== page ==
REVIEW: The Hateful Eight

The Hateful Eight

The Hateful Eight
Directed by: Quentin Tarantino
Written by: Quentin Tarantino
Starring: Samuel L. Jackson, Kurt Russell, Jennifer Jason Leigh and Walton Goggins

(Spoilers throughout)

The Hateful Eight is Quentin Tarantino’s most punishing film, both in terms of length and content.  His eighth feature is a three hour chamber drama that crams post-Civil War America into a cabin during a blizzard and watches as its characters tear each other apart. It seems made with a sinister glee that antagonizes the viewer more than it entertains, coaxing uncomfortable laughter and squirms as it becomes more and more sadistic.

Though much of The Hateful Eight takes place in the same room, it begins in the snowy Wyoming wilderness.  A black Yankee soldier-turned bounty hunter named Major Marquis Warren (Samuel L. Jackson) crosses paths with a stagecoach carrying three white people: a driver, another bounty hunter and his bounty.   Warren himself is hauling a few dead bounties with him, but the other bounty hunter, John Ruth (Kurt Russell), prides himself on taking his in alive so they can hang.

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REVIEW: Arbitrage

Arbitrage
Directed by: Nicholas Jarecki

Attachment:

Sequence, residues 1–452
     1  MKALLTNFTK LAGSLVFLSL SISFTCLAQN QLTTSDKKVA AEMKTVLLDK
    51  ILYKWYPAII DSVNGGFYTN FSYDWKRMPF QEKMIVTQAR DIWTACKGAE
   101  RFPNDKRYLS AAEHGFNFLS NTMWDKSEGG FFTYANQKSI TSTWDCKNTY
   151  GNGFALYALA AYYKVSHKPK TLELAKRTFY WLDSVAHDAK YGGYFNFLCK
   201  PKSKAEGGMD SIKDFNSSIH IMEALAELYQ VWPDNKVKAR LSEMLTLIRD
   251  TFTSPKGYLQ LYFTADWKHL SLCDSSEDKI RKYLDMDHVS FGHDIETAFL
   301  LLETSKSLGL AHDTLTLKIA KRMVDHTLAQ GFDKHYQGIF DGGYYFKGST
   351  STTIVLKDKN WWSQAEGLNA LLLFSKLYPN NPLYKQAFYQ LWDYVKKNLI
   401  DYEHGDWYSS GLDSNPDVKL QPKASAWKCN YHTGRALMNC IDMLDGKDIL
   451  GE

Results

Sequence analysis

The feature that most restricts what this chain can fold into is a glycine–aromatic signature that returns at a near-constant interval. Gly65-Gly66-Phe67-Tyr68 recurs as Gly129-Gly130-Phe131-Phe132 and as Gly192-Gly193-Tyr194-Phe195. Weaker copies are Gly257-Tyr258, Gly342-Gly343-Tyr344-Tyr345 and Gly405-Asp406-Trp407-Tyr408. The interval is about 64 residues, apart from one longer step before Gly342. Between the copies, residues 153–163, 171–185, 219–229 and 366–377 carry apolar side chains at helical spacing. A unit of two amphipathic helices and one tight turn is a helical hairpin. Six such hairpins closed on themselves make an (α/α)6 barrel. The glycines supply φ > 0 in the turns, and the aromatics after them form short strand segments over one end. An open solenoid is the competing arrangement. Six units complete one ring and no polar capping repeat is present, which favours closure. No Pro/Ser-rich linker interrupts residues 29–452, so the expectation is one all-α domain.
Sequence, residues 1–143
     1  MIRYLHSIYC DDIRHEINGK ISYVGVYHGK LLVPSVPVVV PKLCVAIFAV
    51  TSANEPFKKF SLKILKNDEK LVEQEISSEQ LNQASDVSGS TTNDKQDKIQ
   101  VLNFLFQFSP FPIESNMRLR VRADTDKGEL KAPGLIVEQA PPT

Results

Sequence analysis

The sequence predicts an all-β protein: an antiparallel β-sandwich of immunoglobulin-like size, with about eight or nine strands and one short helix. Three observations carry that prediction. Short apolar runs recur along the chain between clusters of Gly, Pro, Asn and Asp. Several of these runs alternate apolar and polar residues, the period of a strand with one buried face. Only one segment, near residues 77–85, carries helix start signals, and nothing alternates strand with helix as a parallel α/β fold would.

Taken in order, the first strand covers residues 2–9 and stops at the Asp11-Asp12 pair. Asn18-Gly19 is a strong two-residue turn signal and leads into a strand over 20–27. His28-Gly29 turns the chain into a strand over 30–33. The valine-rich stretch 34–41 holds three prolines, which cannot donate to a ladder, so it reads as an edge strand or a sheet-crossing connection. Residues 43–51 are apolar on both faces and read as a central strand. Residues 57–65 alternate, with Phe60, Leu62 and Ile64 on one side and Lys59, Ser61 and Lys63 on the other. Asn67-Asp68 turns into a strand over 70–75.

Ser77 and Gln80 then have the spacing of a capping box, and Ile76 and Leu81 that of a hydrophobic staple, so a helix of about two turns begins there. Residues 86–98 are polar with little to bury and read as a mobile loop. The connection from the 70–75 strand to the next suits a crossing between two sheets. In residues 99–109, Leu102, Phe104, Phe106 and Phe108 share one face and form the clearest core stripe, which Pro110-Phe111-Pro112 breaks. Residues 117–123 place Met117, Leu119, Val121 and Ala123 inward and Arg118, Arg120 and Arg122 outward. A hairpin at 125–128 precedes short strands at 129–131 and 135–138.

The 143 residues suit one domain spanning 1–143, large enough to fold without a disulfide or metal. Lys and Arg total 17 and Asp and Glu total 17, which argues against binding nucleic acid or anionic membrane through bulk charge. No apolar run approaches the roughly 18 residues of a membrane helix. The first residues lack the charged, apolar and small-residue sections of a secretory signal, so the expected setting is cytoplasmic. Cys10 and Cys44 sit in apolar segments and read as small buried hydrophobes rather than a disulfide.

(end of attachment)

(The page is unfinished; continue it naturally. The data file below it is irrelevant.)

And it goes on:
Written by: Nicholas Jarecki (screenplay)
Starring: Richard Gere, Susan Sarandon, Tim Roth and Brit Marling

Richard Gere gives a phenomenally sly performance in Nicholas Jarecki’s equally sneaky Arbitrage, although when it’s all said and done the movie is content with simply being slick and clever.  It weaves a tale of deception and excess out of the generically named New York billionaire Robert Miller (Gere) and his various personal and financial misdealings.

By far the story’s biggest asset is its willingness to leave Miller’s social circle and directly confront issues of class and race.  Jarecki lingers on the wealthy lifestyle a little too often, but the man at the center of his movie is never a hero.  The bulk of the entertainment comes from watching Gere bring such a manipulative man to vivid life, and though it doesn’t really leave much to think about when the credits roll, it is certainly an engaging and relevant story to tell.

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CLASSICS: Pulp Fiction

Pulp Fiction
Directed by: Quentin Tarantino
Written by: Quentin Tarantino (screenplay)
Starring: John Travola, Samuel L. Jackson, Uma Thurman and Bruce Willis

It’s hard to weigh the merit of a movie like Pulp Fiction.  Quentin Tarantino’s bloody chat-fest had a sudden and immediate impact on the landscape of American film, yet it’s still young in the eyes of the art form.  It is a classic like all those old movies you associate with that word (some of which it references), yet it’s filled to the brim with sleaze.

Pulp Fiction forges its story of fragments of other movies, most of which wouldn’t have made it past the cutting room floor.  There are heated exchanges about fast food in Europe, riffs on the sexual nature of foot massages and lengthy discussions on what a television pilot is.  All of those happen in the first scene that hit men Vincent (John Travolta) and Jules have together.

After a similarly chatty opener where two lovebirds decide to rob a diner, these two hit men banter back and forth.  Much has been made of the highly stylized dialogue, so much so that these types of conversations have earned this director his own label: “Tarantinoesque.”

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